- A horizontal line is drawn across the page at the start of the footer. This is done in the style sheet and requires no html to do it.
- The first link is the usual one to validate the html within
the page. A
class=parameter identifies it as such and puts it on the right with the appropriate background image.
- class="html401" -
- class="xhtml1" -
- class="help" is added to the contact link and this puts it on
the left with the appropriate image. It also has a fixed width
for the text so that this part is firmly on the left.
The title="Contact page maintainer" isn't vital, but is a useful addition, as it shows that text when you move the mouse over the logo and thus helps the user notice it.
- The remainder is any text such as last updated or copyright. This is all automatically centred. Use a <br> as required if you need any line breaks. In the example above <!--#echo var="LAST_MODIFIED"--> is automatically replaced by the last modified date because it is an .shtml page which means it can use Server Side Includes. If you are not using SSI you put the date in by hand and remeber to change it appropriately.
- <blockquote> is justified and given a grey background. This can be used for copyright statements that some counties add to the end of their pages.
This a 200 pixel wide box that floats on the right side of the page. It developed from the need for somewhere to hold small images of churches as a link to full size images, and is also used by the gazetteer to provide a list of links on the right of a Google map. Only add this div if you need it.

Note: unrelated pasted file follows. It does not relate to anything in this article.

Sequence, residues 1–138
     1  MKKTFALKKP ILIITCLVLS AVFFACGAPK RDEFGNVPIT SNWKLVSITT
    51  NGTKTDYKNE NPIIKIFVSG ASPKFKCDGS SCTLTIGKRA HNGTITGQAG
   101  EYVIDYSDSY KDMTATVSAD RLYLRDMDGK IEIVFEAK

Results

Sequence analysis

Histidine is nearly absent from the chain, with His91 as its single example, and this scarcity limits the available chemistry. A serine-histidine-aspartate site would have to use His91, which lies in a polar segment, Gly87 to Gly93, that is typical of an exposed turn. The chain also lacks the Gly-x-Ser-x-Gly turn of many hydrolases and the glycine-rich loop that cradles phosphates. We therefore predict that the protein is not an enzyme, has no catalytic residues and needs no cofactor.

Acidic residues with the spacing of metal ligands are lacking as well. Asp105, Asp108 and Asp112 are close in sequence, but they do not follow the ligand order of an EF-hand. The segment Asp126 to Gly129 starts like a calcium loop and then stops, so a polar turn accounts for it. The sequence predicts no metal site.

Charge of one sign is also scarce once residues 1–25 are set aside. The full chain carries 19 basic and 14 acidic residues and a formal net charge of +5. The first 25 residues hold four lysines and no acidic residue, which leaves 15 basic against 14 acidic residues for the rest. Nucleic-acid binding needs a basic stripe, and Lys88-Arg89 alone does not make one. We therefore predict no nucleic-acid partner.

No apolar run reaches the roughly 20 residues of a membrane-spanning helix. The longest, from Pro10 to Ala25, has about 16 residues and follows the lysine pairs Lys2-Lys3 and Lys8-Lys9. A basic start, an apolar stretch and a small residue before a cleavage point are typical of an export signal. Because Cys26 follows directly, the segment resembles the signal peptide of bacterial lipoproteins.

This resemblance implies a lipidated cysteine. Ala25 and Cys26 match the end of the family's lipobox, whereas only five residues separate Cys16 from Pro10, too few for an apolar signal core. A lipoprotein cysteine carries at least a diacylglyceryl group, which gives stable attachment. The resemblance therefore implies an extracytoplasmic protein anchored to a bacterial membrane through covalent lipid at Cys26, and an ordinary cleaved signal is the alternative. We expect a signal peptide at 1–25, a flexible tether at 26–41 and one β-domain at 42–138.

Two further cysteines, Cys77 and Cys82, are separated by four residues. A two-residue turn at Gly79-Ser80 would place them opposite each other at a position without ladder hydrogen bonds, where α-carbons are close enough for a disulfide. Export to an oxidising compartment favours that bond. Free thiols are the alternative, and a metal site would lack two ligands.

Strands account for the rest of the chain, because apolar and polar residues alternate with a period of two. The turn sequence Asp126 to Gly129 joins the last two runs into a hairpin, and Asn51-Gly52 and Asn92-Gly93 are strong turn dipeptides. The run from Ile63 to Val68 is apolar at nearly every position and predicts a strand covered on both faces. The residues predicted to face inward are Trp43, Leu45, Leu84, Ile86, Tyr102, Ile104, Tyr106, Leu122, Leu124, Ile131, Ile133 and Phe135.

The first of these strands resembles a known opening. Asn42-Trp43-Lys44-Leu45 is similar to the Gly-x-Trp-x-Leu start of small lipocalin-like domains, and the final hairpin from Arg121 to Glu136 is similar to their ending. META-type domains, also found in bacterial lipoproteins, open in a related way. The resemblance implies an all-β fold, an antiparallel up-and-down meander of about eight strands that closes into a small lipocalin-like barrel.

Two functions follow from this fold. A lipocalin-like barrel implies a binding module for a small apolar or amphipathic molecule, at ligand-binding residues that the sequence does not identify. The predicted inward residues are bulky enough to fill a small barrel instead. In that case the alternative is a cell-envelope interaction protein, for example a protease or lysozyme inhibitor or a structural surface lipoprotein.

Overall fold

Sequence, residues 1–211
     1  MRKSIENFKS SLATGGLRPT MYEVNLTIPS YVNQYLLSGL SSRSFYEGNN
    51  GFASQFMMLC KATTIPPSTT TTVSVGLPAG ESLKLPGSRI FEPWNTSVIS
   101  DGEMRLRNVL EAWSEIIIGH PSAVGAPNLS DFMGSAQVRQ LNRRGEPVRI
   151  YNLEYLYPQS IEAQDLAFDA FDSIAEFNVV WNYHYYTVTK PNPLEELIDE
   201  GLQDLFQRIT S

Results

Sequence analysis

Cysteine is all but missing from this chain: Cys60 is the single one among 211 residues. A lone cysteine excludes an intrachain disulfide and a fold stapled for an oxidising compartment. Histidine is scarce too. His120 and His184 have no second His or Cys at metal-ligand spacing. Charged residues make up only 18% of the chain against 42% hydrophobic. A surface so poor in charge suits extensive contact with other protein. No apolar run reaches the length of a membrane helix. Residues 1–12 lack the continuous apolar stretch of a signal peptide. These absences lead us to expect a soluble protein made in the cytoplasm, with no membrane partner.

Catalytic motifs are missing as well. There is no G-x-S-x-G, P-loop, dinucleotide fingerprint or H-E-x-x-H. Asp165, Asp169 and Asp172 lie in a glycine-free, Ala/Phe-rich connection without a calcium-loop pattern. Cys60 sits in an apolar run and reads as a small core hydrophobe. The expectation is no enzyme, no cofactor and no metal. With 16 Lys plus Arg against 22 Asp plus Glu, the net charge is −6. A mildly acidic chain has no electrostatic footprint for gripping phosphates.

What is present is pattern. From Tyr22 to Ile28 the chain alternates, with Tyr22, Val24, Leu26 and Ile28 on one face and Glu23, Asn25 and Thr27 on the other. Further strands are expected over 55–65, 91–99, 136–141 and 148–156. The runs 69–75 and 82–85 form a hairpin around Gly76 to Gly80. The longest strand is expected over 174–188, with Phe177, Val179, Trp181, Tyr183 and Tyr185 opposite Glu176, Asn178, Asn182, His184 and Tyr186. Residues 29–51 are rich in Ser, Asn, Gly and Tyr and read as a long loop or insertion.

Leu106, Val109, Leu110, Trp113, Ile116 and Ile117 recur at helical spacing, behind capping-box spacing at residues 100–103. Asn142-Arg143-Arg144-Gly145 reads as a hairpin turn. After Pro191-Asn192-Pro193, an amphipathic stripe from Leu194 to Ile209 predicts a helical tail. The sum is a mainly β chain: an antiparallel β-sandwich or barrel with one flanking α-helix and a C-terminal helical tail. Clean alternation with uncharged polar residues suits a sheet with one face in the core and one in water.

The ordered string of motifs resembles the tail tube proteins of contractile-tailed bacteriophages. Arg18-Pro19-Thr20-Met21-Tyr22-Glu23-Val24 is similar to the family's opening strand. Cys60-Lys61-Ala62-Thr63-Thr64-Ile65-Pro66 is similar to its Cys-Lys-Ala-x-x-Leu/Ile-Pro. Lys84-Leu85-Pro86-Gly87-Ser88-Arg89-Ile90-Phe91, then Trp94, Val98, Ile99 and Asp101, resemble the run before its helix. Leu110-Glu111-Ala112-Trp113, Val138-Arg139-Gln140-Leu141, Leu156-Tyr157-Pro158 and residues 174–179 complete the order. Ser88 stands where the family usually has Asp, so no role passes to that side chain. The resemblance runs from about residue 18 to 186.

Anything within this area is centred.
<h1>This appears as italic and is usually used for a starting comment - Click pictures to enlarge.
<h3>Is used to put a comment under a picture in red letters. Use
<p>if there is no text between pictures.
<h4>Is used to put a comment above some text in red letters. This is used in the gazetteer. The difference between the two is where the spacing is. For this one the spacing is above the heading and little below it, to make it easier to see what the heading relates to.
This is used for the section on church pages where it asks the users for information. It is used to give a slightly different appearance and to remove the need to code images for icons within the page. Only add this div if you need it.
Icons are added against list elements as follows
- <li class=grave>
- <li class=history>
- <li class=records>
- <li class=photo>
- <li class=opened>
- <li class=closed>
- <li class=status>
- <li class=road>
- <li class=where>
- <li class=link>